Malaria vaccine suited for Malawi developed

GlaxoSmithKline (GSK), one of the world’s leading research-based pharmaceutical and healthcare companies and is under assessment by European Medicines Agency (EMA) in collaboration with the World Health Organisation (WHO),  has announced  its malaria vaccine candidate, RTS,S, designed to fight against Plasmodium falciparum malaria parasite, prevalent in Malawi.

The worldwide drug and healthcare maker’s submission raises hope of bringing the world’s first Malaria vaccine closer to afflicted African countries, including Malawi where Phase III of the vaccine’s trials were conducted.

“The submission will follow the Article 58 procedure, which allows the EMA to assess the quality, safety and efficacy of a candidate vaccine, or medicine, manufactured in a European Union (EU) member state, for a disease recognised by the World Health Organization (WHO) as of major public health interest, but intended exclusively for use outside the EU.

New malaria vaccine developed
New malaria vaccine developed

“This assessment is done by the EMA in collaboration with the WHO, and requires products to meet the same standards as vaccines or medicines intended for use in the EU. Eligibility for the application was granted by the CHMP after agreement from WHO that RTS,S met criteria for such an evaluation,” said GSK.

The EMA submission is the first step in the regulatory process toward making the RTS,S vaccine candidate available as an addition to existing tools currently recommended for malaria prevention, it said.

“An effective vaccine for use alongside other measures such as bed nets and anti-malarial medicines would represent a advance in malaria control. To-date there is no licensed vaccine available for the prevention of malaria,” said GSK.

If the vaccine candidate passes through a battery of approval processes at EMA and World Health Organisation (WHO) levels, it could become ready for administering through respective immunisation policies of countries by 2015.

Dr Sophie Biernaux, Head of the Malaria Vaccine Franchise, GSK said: “This is a key moment in GSK’s 30-year journey to develop RTS,S and brings us a step closer to making available the world’s first vaccine that can help protect children in Africa from malaria.”.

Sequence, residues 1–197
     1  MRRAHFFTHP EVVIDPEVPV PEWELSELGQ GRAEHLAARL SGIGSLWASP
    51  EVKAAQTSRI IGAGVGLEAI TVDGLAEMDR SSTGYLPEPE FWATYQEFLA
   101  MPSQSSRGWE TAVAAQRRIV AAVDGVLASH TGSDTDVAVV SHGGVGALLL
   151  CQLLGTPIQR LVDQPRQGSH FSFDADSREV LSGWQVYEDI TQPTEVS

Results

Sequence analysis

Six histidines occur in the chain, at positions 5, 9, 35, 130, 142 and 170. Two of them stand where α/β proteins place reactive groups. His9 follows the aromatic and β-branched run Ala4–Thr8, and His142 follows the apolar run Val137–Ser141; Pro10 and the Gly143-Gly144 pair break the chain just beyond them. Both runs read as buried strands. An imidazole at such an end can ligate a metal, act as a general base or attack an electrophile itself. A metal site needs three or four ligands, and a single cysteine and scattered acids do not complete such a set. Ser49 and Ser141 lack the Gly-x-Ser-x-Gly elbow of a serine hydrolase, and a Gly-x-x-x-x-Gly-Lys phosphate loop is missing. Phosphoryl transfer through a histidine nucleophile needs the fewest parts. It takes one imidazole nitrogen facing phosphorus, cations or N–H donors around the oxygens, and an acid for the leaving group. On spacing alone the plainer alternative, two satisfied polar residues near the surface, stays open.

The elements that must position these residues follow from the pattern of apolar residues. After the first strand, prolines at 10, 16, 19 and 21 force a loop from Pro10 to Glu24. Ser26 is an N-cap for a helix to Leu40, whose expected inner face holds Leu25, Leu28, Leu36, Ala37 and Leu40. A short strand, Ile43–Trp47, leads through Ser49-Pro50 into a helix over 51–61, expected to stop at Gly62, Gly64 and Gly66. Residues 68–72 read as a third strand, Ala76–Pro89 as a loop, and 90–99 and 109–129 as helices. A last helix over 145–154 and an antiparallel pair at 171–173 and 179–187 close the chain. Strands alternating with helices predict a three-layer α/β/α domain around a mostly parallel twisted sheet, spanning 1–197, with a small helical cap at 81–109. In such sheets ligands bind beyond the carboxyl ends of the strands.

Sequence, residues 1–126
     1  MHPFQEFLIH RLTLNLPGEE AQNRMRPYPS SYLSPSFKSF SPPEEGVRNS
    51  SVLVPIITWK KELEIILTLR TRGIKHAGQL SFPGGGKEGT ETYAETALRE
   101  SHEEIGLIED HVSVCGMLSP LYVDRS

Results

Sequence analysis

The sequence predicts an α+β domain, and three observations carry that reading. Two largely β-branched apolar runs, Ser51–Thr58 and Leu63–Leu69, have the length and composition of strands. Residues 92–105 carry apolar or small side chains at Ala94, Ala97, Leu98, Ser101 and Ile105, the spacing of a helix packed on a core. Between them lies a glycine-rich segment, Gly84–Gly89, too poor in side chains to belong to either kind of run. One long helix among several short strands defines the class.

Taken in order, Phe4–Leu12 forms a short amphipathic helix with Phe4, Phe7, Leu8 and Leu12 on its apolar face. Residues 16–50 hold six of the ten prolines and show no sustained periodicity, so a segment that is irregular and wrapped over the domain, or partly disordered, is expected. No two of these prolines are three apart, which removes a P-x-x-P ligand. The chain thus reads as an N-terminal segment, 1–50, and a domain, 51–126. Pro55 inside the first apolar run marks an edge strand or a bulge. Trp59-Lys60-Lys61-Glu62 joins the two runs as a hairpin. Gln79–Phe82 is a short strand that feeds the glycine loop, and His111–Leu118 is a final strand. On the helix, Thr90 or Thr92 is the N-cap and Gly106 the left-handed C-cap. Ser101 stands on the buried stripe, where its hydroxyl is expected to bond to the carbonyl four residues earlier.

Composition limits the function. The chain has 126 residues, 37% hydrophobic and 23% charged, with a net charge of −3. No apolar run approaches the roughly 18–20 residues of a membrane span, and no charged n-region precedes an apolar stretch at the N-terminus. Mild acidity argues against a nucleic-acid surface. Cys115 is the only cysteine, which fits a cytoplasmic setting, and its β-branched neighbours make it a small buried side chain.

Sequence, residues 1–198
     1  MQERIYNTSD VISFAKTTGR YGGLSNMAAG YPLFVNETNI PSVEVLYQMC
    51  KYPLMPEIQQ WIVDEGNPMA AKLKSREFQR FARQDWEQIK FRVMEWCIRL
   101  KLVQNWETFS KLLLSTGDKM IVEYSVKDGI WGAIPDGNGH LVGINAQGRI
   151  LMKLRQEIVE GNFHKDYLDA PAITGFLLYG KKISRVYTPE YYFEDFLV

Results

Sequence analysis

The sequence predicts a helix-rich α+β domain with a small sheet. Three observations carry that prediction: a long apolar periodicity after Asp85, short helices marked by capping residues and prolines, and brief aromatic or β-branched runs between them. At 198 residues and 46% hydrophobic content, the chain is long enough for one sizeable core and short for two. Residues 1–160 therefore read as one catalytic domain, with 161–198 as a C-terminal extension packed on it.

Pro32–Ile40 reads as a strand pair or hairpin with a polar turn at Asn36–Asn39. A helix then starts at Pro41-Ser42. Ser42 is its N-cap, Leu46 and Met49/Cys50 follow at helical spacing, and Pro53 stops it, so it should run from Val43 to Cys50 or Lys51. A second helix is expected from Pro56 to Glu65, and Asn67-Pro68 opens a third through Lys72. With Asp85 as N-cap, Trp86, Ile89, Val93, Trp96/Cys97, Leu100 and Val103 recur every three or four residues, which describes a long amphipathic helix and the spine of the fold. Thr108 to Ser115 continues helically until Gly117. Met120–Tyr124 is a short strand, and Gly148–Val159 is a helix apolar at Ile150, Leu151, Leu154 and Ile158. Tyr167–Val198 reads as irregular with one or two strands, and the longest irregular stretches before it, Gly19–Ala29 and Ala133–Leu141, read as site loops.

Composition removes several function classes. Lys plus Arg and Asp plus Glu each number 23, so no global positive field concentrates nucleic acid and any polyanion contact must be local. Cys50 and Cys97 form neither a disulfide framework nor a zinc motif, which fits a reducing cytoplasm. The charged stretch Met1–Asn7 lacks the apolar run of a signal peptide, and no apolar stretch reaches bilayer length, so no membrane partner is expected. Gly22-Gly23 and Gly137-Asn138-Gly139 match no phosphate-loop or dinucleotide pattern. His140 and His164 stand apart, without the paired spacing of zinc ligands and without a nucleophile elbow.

RTS,S is intended exclusively for use against the Plasmodium falciparum malaria parasite, which is most prevalent in sub-Saharan Africa (SSA). Around 90 per cent of estimated deaths from malaria occur in SSA, and 77 per cent of these are in children under the age of 5.

If a positive opinion from the EMA is granted, the WHO has indicated a policy recommendation may be possible by end of 2015. A policy recommendation is a formal review process by WHO designed to assist in the development of optimal immunisation schedules for diseases that have a global public health impact, such as malaria.

A review by a European medicines agency is required by the majority of African countries prior to registration of a medicinal product manufactured in Europe. If positive, these regulatory decisions would help pave the way toward the large-scale implementation of the vaccine through African national immunisation programmes.

Data from the phase III vaccine trial programme conducted at 13 African research centres in eight African countries (Burkina Faso, Gabon, Ghana, Kenya, Malawi, Mozambique, Nigeria, and Tanzania) including over 16,000 infants and young children have also been included to support the filing.

Malaria is a leading cause of death and morbidity among under-five children in Malawi. According to research findings published by the College of Medicine, a constituent college of University of Malawi, 40 percent of all deaths for children under the age of five are attributed to Malaria.

“Malawi provides a perfect climate and geography for anopheles mosquitoes. In some districts infants already are infected with P.falciparum by 3 months of age,” reads a research paper by Dr Fraction Dzinjalamala, lecturer in Clinical Pharmacology, and Medicinal Chemistry at the College of Medicine, and researcher at the Malawi Liverpool Wellcome Trust, Blantyre.

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